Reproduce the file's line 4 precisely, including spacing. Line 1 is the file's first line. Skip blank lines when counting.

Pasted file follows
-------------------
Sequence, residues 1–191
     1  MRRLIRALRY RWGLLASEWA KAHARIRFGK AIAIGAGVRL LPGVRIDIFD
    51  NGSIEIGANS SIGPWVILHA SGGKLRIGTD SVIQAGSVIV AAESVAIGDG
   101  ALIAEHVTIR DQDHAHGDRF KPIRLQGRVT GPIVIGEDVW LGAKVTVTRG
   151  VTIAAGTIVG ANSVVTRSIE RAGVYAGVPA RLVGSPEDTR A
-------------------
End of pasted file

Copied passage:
   101  ALIAEHVTIR DQDHAHGDRF KPIRLQGRVT GPIVIGEDVW LGAKVTVTRG